Harwich Mayflower Project to build life-size replica
- 1 May 2013
- From the section England
A charity aims to put Harwich back at the heart of the Pilgrim Fathers story by building a £2.5m replica of the ship which sailed to America in 1620.
The Mayflower left Plymouth in Devon on 6 September, but the Harwich Mayflower Project said the ship's Essex origins were just as important.
It hopes the replica will be ready by 2020 for a 400th anniversary US voyage.
It will follow the route of the 102 passengers who left England in search of greater religious freedom.
The Harwich charity said the ship only travelled from Rotherhithe in east London to the Devon port to take extra passengers from another vessel.
The Speedwell, which had been due to travel to America alongside the Mayflower, had had to return to England having leaked.
Both ships returned to Devon and then the Mayflower set off again alone.
John Acton, trustee of the project, said: "Plymouth, I feel, has hijacked the story for 400 years.
"Everyone thinks it came from Plymouth, but it was a Harwich boat and the skipper and crew came from Harwich and that's got to be recognised.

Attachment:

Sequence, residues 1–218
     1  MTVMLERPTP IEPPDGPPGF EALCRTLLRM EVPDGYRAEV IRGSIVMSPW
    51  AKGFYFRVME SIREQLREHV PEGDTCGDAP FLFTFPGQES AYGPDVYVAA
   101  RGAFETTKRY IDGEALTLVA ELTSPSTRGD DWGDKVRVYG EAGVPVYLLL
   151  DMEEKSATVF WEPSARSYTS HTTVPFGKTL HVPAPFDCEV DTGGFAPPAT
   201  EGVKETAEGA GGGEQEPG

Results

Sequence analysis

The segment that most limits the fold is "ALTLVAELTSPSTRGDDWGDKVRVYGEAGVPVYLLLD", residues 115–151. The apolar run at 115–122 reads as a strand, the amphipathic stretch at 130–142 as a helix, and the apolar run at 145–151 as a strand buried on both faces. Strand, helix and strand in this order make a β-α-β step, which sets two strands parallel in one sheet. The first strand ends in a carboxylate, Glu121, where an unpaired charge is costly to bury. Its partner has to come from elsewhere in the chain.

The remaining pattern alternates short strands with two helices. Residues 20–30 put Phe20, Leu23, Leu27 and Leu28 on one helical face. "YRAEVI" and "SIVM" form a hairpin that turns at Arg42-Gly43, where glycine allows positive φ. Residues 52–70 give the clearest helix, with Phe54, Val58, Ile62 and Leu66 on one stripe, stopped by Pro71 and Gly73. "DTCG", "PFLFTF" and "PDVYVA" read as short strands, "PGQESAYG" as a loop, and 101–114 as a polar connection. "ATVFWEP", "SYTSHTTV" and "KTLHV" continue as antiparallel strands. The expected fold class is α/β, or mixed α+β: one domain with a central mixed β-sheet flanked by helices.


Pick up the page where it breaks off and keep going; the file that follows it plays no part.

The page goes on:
"We want the Americans to come here and see where it came from."
Mr Acton said there was no firm proof The Mayflower was built in Harwich, but said most of the English merchant fleet and Royal Navy built at that time came from the East Anglian coast.
The Mayflower is believed to have been built in 1590. It was based in Harwich until 1610 and her master Christopher Jones's house has been preserved there.
He moved the vessel to London for trading reasons and captained her for the Pilgrim Fathers voyage.
Andy March, the project's managing director, said: "There's no conflict with Plymouth - it's primarily to offer training, jobs and opportunities in Harwich, which is possibly the best example of a town that could benefit from post-industrial development.
"We're trying to build on an iconic vessel which has international status and reverse some of the the economic trends here.
"We are very confident it will happen, but it will take another year to finance and build the ship and we've just got US charity status, which should speed it up."
Some of the oak being prepared for construction of the replica has come from Cornwall.
Plymouth is also planning celebrations for the 400th anniversary.
Peter Smith, the council's deputy leader, said the anniversary celebrations there would be a "massive international event".
"Our links are crystal clear and how other cities prove theirs is entirely their shout and we wish them luck," he said.
"We want to create a really special party atmosphere, so to all those other cities wanting to join in, Plymouth says 'the more the merrier'."
The original Mayflower is believed to have been broken up when she returned to England.
A replica of the vessel already exists in Plymouth, Massachusetts, where the Pilgrim Fathers set up the Plymouth plantation colony.